Thus, there is a need for improved calibration techniques that facilitate overcoming these deficiencies.

In one aspect, a method for calibrating an imaging system is illustrated. The method includes coincident detecting scatter radiation events from a calibration source located within a bore of the imaging system. The scatter radiation events are subsequently used to compute calibration time offsets for each detector channel in the imaging system. Each detector channel is then calibrated with respective calibration time adjustments.

One advantage includes accurately calibrating detector delay times for a TOF-PET scanner with a stationary source.

Another advantage lies in using scatter radiation to calibrate detector delay times for a TOF-PET scanner.

Another advantage resides in using a combination of scatter and 180 degree opposite coincident radiation to provide a refined calibration for a TOF-PET scanner.

Still further advantages will become apparent to those of ordinary skill in the art upon reading and understanding the detailed description of the preferred embodiments.

The drawings are only for purposes of illustrating embodiments and are not to be construed as limiting the claims.

FIG. 1 illustrates a method for calibrating the coincidence timing for a PET scanner.

FIG. 2 illustrates an exemplary imaging system.

FIG. 3 illustrates a method for calibrating and subsequently refining the coincidence timing for a PET scanner.

FIG. 4 illustrates a method for concurrently calibrating and refining the coincidence timing for a PET scanner.

FIG. 5 illustrates a graphical representation of the calibration setup.

FIG. 6 illustrates a histogram showing counts versus row deviation for 180 degrees.

FIG. 7 illustrates a statistically levelled histogram showing counts versus row deviation for 180 degrees.

FIG. 8 graphically illustrates example output levels of calibrated detectors after calibrating with the approach described in connection with FIG. 1.

FIG. 9 illustrates an alternative method for calibrating the coincidence timing for a PET scanner.

FIG. 10 graphically illustrates example output levels of calibrated detectors after calibrating with the approach described in connection with FIG. 9.

FIG. 1 illustrates a method for calibrating an imaging system 10 such as illustrated in FIG. 2. The calibration technique calibrates the coincidence timing utilized in time-of-flight (TOF) measurements such as those associated with Positron Emission Tomography (PET).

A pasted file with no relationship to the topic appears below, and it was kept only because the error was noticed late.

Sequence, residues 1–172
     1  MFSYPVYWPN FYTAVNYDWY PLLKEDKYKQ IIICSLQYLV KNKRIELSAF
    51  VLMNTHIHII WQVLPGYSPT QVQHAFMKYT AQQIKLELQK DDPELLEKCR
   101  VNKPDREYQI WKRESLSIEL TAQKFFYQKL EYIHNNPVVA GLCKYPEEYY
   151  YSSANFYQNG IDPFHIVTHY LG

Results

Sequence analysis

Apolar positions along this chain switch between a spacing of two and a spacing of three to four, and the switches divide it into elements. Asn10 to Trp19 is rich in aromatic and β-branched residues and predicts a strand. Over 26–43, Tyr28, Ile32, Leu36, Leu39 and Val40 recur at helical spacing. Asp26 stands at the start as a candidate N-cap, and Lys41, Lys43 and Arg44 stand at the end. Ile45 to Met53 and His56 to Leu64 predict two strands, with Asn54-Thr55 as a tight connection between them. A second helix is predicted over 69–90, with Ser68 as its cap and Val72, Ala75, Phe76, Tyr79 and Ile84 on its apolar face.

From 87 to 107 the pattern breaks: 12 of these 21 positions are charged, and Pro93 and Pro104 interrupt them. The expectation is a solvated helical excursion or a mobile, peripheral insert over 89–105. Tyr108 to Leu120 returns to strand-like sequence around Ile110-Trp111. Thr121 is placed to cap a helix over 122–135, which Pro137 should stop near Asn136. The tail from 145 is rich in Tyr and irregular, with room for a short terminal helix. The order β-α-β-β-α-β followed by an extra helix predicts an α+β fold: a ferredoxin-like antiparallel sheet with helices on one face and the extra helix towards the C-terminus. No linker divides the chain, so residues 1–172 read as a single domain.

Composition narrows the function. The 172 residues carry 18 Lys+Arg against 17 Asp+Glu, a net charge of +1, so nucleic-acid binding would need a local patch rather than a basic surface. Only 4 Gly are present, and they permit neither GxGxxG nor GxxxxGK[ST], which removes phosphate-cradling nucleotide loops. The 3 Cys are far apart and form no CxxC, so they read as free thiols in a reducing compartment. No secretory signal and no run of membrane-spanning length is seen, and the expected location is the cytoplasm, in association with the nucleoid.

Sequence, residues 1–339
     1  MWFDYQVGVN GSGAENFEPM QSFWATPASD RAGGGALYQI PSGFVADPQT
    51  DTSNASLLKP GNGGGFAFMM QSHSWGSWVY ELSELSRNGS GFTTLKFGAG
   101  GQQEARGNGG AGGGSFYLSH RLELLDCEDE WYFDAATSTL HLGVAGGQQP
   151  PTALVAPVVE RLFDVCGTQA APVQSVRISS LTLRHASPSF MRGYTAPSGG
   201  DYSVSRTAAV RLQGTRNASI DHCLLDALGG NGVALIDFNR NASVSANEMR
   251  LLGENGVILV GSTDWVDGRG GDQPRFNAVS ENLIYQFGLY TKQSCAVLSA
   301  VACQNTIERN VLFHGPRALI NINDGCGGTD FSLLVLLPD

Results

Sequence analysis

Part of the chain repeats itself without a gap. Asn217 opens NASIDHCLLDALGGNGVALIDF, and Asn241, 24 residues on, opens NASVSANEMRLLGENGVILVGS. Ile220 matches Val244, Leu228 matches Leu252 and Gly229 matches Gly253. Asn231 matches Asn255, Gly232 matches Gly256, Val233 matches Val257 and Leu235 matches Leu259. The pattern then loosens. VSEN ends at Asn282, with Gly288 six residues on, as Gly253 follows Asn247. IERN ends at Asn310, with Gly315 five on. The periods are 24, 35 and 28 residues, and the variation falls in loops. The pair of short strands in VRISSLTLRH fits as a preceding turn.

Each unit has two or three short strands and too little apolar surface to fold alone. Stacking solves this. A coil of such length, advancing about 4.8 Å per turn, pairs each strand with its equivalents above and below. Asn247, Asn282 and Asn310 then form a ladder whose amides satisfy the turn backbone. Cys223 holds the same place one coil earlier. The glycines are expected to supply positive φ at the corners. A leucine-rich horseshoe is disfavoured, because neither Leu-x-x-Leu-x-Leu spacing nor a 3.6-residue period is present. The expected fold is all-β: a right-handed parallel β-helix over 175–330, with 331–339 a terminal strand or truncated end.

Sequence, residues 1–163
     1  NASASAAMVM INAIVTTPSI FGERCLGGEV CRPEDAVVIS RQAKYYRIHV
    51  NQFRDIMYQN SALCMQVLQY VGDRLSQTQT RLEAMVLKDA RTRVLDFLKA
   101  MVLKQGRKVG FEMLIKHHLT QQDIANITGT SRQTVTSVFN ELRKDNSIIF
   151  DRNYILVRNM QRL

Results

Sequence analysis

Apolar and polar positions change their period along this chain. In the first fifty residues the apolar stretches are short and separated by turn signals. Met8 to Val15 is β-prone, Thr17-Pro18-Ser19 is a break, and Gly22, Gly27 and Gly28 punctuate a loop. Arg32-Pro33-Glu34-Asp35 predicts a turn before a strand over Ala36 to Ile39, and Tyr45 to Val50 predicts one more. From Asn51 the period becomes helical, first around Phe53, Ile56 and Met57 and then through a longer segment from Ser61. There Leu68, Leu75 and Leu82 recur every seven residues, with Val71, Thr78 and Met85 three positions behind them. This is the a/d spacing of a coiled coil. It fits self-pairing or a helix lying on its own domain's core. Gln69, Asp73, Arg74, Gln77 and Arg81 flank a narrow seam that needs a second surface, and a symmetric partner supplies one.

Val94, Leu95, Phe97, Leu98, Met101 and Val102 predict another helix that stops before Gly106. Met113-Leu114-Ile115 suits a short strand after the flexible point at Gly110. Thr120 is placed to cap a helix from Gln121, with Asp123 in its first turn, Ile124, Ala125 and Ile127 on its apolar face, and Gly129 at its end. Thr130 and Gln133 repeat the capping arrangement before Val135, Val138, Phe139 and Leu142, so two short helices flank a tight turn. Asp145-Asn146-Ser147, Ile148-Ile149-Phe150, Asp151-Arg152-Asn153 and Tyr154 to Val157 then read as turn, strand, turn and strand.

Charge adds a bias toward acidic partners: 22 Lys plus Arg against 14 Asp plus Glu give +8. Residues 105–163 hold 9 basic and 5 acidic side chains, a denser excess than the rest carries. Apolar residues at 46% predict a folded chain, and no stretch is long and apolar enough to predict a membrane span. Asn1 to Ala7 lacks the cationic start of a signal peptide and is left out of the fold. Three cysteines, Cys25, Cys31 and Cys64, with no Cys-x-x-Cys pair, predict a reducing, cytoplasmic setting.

At reference numeral 12, a coincidence source 14 is placed within an imaging region 16 (or bore) of a PET scanner 10. The coincidence source can be a point source such as a scatter cylinder (e.g., plastic, steel, etc.), a scatter button (e.g., a 2.5 cm diameter plastic volume of Na-22), etc., or a line source. The coincidence source can be fixed at a position or mobile relative to the bore. In one instance, the coincidence source is fixed at about a center location of the bore. In another instance, the coincidence source is fixed at a known offset from the center of the bore. At 18, coincidence scatter radiation events are detected by detectors such as photomultiplier tubes (PMT's), a SiPMT, a APD or photodiodes of a detector array 20. Such events are coincident events that are not 180 degrees opposite from each other across the bore. Such events arise out of electron-positron annihilation event in which one or both gamma rays are scattered and detected at substantially the same time (e.g., within a time window). Coincident events that are 180 degrees opposite from each other (non-scatter events) can be filtered. For example, an inverse region of interest (ROI) filter or other filter can be used to filter the non-scatter events.

At 22, a calibration processor 24 generates a histogram of the relative detection times of each crystal relative to a plurality of the other detectors. The 180 degrees opposite detectors are assumed to receive direct rather than scattered radiation. The travel time of the scatter events, which travel at the speed of light across the known distance to the detectors from the source to each detector, is known; if the source is at about the center of the bore, the travel times are substantially equal and, if the source is offset from the center of the bore, the travel times are shifted by a known amount by the offset. This information is used to interpret the time histogram. At 26, the delay times of the detectors are calibrated based on the histogram (e.g., the centroids) to achieve substantial coincidence and applied to the corresponding delay circuits 28 of each of the plurality of detection channels. As needed by the specific hardware implementation, the individual detectors can be “grouped” into various subsets, such as groups within the same module of crystals, groups all signaling the same hardware trigger channel, etc.